Veterinary Public Health

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Veterinary Public Health Program
313 N Figueroa St. Rm 1127
Los Angeles, CA 90012
Tel (213) 288-7060
Fax (213) 481-2375
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Distemper in Wildlife 2020-2021
group of raccoons eating outside from a dog bowl

What is Distemper?
Distemper is a virus that causes disease in dogs and certain wildlife such as raccoons, skunks, foxes, and coyotes.  Distemper does not affect humans or cats.  This disease can be spread between infected wildlife and dogs through airborne transmission and contact with shared surfaces (e.g. waterbowls).  Common clinical signs of distemper in dogs include: fever, discharge from the eyes or nose, coughing, lethargy, disorientation, tremors and seizures.  Currently there is no treatment for distemper, so preventing the disease in dogs is crucial.
Click here to learn more about distemper

Outbreak of Distemper in 2020-2021 in Wildlife
Throughout Los Angeles County, local animal control agencies have reported an increased amount of wildlife suspected of having distemper.  Distemper outbreaks in wildlife in an area pose an increased risk for distemper in dogs in that area.  From April 2020 to December 7, 2021, these agencies reported 315 raccoons, 2 coyotes, 17 foxes and 6 skunks with clinical signs consistent with distemper.  Of these, there were 237 raccoons, 2 coyotes, 17 foxes and 6 skunks reported to have possible neurologic signs.  To date, 13 raccoons and 3 foxes have been necropsied or tested and confirmed to have distemper.  As the neurologic symptoms of distemper are indistinguishable from the neurologic symptoms of rabies, public health has conducted rabies surveillance testing on many of the distemper suspects showing neurologic signs.  168 raccoons, 15 foxes and 5 skunks have been tested for rabies and all found to be negative.  It is very important to consider rabies as a differential diagnosis when neurologic wildlife or pets are reported in the community or presented to a veterinary or animal control facility.  

Reported cases of distemper suspects in Los Angeles County from April 2020 to December 7, 2021:

Species Suspect distemper Neurologic signs Confirmed distemper Tested for rabies (all negative)
Raccoon 302 237 13 168
Fox 14 17 3 12
Coyote 2 2 None tested None tested
Skunk 6 6 None tested 5
*This table includes cases shared from the Pasadena Humane Society and the Long Beach Department of Health and Human Services.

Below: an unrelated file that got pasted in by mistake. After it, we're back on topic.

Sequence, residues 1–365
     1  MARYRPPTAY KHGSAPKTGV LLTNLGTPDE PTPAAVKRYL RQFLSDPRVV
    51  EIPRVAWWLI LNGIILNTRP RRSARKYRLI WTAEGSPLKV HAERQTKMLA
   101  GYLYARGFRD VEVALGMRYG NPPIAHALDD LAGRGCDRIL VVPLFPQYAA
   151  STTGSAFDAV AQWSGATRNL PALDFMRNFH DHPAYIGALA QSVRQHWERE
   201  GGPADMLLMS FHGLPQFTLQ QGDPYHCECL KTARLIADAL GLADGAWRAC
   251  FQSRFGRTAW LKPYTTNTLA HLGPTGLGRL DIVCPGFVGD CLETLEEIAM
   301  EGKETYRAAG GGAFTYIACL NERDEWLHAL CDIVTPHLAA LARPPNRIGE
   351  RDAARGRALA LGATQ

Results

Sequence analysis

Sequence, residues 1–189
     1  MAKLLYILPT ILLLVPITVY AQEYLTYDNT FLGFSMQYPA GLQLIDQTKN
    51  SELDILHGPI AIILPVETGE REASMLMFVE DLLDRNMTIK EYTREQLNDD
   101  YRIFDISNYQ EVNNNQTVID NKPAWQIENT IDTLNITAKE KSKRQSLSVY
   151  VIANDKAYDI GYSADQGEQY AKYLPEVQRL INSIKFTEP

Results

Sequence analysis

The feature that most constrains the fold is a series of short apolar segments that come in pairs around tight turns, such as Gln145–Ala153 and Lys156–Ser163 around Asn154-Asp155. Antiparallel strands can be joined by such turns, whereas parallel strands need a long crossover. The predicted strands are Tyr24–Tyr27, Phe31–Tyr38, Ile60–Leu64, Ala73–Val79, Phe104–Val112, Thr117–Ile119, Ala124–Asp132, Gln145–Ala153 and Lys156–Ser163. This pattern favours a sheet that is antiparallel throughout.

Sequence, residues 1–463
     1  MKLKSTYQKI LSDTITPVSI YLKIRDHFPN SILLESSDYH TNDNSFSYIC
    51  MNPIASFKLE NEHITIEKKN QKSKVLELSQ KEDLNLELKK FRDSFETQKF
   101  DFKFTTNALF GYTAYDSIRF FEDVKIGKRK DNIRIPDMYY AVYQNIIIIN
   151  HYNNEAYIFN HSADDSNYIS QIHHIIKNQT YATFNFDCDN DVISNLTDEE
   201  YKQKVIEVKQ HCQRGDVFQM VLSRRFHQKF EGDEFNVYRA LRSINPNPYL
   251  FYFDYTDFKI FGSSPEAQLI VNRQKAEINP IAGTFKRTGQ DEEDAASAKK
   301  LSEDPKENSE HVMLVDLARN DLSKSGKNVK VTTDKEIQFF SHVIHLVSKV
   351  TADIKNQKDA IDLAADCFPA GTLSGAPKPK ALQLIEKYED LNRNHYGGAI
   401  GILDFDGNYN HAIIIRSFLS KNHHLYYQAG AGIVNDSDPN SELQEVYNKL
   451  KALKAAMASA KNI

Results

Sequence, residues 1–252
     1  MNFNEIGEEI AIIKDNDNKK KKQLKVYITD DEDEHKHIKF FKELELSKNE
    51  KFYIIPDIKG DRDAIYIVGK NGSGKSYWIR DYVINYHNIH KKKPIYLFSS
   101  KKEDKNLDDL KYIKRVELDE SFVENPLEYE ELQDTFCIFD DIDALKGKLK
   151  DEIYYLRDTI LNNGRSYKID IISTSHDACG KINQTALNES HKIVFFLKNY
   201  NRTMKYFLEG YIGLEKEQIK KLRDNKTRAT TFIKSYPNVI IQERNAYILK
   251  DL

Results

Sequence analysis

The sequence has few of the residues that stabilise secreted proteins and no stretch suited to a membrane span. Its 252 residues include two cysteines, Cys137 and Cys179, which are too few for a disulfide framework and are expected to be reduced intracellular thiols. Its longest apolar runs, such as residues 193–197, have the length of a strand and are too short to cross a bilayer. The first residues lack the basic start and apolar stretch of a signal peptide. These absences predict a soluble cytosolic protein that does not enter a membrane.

Map showing reported locations of distemper confirmed and suspect wildlife in Los Angeles County from April 2020 to December 7, 2021


                chart showing repoted distemper wildlife cases by month in Los Angeles County from April 2020 to December 7, 2021


Los Angeles County veterinarians and pet owners are advised to:

  • Vaccinate dogs and puppies for distemper.  Puppies should receive a series of 3 or more distemper vaccines between the ages of 2 and 4 months.  The vaccine should be boostered a year later, then every three years for life.

  • Protect puppies.  Keep puppies at home and away from unfamiliar dogs until they have completed the vaccination series.  Use caution when socializing dogs or in areas where dogs congregate such dog parks, doggy day care and boarding facilities.

  • Keep dogs away from wildlife.

  • Keep pet food and water indoors, away from wildlife.  Pet food and water left outdoors attracts wildlife which can spread distemper to dogs.

  • Report all cases of distemper or neurologic wildlife in LA County to Veterinary Public Health using this reporting form.


To stay up to date on emerging animal health issues, veterinary professionals are encouraged to join the Animal Health Alert Network (AHAN) to receive updates and alerts via email.  To subscribe to the AHAN complete the online form here or fill out the form by hand and email it to  To view recent and archived AHANs, visit here.


To view the original AHAN released about this distemper outbreak in wildlife on December 14, 2020 see here

To view the most recent AHAN released about this distemper outbreak in wildlife on March 10, 2021, see here.   


Last updated: December 8, 2021

Public Health has made reasonable efforts to provide accurate translation. However, no computerized translation is perfect and is not intended to replace traditional translation methods. If questions arise concerning the accuracy of the information, please refer to the English edition of the website, which is the official version.
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